Department of Economics

Testing for the Economic Impact of the U.S. Constitution: Purchasing Power Parity across the Colonies Versus across the States, 1748-1811

Department of Economics
University of Delaware
Working Paper #2008-11

Testing for the Economic Impact of the U.S. Constitution: 
Purchasing Power Parity across the Colonies Versus across the States, 1748-1811

Farley Grubb

ABSTRACT

Exchange rates and price indices are constructed to test purchasing power parity between eight British North American colonial locations, five of whom issued their own fiat paper money. Purchasing power parity is then tested between these same locations after six became states politically and monetarily unified under the U.S. Constitution. Purchasing power parity cannot be rejected between all colonial locations or between the six U.S. states, if anything holding with more confidence prior to U.S. political and monetary unification. But it is rejected between U.S. states and nearby British colonies that stayed outside the U.S. union.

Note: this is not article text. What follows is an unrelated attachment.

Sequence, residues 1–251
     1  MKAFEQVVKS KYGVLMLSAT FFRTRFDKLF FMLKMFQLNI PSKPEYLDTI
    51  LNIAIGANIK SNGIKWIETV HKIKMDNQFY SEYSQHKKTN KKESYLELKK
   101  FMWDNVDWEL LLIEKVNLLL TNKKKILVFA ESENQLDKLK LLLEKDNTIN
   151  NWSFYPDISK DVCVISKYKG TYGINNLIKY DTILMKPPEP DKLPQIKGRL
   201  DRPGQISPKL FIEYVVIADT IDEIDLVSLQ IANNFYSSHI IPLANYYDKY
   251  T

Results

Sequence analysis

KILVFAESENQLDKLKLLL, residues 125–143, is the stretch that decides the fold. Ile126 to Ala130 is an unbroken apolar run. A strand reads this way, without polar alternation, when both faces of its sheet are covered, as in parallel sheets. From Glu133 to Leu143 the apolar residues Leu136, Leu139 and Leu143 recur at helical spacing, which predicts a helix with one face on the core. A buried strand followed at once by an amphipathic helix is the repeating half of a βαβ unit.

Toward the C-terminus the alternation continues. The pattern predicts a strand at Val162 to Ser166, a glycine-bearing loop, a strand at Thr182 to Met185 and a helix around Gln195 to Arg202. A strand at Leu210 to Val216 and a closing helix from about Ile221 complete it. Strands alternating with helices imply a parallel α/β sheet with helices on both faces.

JEL codes: D02, F15, F54, N11, N21, N41, N71, O24, O51

Keywords: Purchasing Power Parity, Economic Integration, U.S. Constitution, Monetary Policy, Economic History

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